When the country experienced the financial crisis in 2008, states borrowed from the Federal Unemployment Account within the Unemployment Trust Fund to pay for unemployment compensation benefits rather than raise taxes in a fragile economy.

As of Sept. 20, 2012, North Carolina owed $2.7 billion to the federal government for unemployment benefits. The changes in N.C. unemployment benefits, with some increases in state unemployment taxes, are an effort to shorten the time it will take for North Carolina to pay this debt. The tax paid by businesses in the state to fund unemployment insurance has not been raised in close to 20 years. In the 1990s and through the 2000s, business leaders and legislators all agreed that tax cuts would attract business and investment and continued to cut the unemployment insurance tax rate which left no cushion for the unemployed once the recession began.

The changes to unemployment benefits in North Carolina should shorten the current loan repayment schedule from five years to three, saving employers from a continually, albeit slowly, rising tax rate. This strategy also seeks to keep the burden of the debt from being a drag on businesses, leaving the unemployed bearing the brunt of the costs. 

The loss of the Emergency Unemployment Compensation will be an especially tough change for the unemployed. North Carolina’s unemployment rate has triggered extensions to the standard 26 weeks of benefits up to as long as 99 weeks (last year[3]) and is currently at 73 weeks.[4]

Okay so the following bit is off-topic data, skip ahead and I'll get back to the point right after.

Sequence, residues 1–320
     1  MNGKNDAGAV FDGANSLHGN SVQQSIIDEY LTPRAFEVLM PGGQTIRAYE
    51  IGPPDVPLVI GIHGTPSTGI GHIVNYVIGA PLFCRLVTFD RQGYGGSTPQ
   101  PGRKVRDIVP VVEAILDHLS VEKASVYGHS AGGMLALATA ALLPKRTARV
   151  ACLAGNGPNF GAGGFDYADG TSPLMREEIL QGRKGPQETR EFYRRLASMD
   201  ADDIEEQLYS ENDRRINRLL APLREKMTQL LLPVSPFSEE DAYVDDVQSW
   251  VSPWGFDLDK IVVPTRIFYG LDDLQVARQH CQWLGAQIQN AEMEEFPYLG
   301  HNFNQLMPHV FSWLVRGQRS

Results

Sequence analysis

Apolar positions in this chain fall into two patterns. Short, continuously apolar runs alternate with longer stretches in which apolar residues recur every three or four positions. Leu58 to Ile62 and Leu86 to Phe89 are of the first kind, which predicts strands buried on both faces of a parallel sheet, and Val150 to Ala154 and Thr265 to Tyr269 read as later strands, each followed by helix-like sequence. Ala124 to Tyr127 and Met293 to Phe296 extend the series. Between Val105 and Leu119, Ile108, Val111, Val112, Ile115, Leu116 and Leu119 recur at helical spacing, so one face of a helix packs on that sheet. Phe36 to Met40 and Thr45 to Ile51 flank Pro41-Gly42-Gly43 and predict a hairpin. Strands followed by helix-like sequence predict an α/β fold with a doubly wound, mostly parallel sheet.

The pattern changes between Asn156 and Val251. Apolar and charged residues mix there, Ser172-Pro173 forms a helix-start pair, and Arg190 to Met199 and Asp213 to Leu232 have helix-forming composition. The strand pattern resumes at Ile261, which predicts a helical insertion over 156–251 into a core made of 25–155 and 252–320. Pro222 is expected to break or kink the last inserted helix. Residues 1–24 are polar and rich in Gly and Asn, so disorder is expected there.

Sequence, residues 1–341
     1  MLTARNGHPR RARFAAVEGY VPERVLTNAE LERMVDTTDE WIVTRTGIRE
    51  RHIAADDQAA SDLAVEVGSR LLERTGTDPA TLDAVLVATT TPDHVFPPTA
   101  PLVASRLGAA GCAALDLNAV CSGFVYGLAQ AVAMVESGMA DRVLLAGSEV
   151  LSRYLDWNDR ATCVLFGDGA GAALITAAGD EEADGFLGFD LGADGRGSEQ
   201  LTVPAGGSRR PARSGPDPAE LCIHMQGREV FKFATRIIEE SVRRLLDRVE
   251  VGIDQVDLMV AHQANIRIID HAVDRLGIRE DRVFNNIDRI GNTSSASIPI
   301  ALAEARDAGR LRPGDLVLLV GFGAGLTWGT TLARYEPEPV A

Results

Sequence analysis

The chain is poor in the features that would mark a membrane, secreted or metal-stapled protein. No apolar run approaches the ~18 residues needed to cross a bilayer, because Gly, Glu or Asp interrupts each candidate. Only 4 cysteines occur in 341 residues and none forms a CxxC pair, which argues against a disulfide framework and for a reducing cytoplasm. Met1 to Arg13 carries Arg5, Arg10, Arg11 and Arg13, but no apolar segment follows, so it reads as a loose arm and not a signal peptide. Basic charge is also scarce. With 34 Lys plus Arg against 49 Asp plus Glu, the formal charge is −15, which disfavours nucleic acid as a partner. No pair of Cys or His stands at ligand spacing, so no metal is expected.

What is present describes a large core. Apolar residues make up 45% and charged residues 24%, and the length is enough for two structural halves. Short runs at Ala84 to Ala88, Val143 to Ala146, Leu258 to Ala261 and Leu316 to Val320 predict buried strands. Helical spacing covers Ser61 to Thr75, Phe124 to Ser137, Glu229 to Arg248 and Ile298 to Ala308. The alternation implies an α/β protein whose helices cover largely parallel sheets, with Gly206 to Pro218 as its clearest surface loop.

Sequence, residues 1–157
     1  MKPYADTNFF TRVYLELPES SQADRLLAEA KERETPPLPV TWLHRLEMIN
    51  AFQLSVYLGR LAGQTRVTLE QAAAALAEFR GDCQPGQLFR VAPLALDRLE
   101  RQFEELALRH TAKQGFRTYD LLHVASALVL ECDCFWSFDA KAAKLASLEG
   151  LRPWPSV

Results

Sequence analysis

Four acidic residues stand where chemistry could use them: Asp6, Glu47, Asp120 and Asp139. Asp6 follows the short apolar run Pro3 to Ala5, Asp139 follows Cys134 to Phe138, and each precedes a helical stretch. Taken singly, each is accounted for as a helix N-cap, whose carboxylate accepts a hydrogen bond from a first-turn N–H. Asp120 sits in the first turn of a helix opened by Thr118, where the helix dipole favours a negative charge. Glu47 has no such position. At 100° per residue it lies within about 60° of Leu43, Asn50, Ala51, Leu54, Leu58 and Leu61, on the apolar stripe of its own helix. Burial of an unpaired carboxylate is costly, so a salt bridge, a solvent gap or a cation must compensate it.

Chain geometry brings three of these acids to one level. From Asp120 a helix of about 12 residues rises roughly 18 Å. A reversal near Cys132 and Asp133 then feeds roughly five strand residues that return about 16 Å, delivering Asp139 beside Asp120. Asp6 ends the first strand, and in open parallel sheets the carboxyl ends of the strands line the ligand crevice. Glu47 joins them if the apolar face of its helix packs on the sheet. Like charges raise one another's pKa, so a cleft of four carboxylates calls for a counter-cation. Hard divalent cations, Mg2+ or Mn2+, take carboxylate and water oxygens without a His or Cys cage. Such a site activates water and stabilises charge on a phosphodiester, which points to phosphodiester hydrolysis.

These changes in N.C. will create large differences in benefit periods when the state is compared to other states in similar situations. New Jersey’s unemployment rate is similar to North Carolina’s at 9.5 ( December 2012) percent and New Jersey has the ninth highest debt to the Federal Unemployment Account (compared to N.C.'s fourth highest debt). New Jersey  still offers up to 73 weeks of benefits. Minnesota, with a much lower unemployment rate of 5.4 percent, provides a maximum 46 weeks of benefits.  


[1] http://www.ncesc1.com/individual/ui/UiClaims2.asp The original maximum weekly benefit was calculated by taking the average 2011 weekly insured wage and allotting 66.67 percent of this average to become the maximum. The state determines a claimant’s weekly earnings by distributing a percentage of what the claimant originally earned.

[2] The Charlotte region refers to Mecklenburg and its surrounding 10 N.C. counties. Since this article deals with a law that only affects North Carolina, we have excluded the 3 surrounding South Carolina counties. Counties are: Anson, Cabarrus, Catawba, Cleveland, Gaston, Iredell, Lincoln, Mecklenburg, Rowan, Stanly and Union.

[3] Last year, the federal extension was up to 99 weeks.

[4] States’ extended benefits rely on their current unemployment rate and work off of a four-tiered system. Every state with 26 weeks of benefits is allotted an extension of 14 weeks, the first tier, regardless of the state’s unemployment rate. If the state has an unemployment rate at or above 6 percent, it qualifies for tier one and tier two, which adds on another 14 weeks. If the state has an unemployment rate at or above 7 percent, it qualifies for tier 3, which provides an additional 9 weeks to the first two tiers. The fourth tier, for a state with an unemployment rate at or above 9 percent provides an additional 10 weeks for a maximum number of 73 weeks of benefits.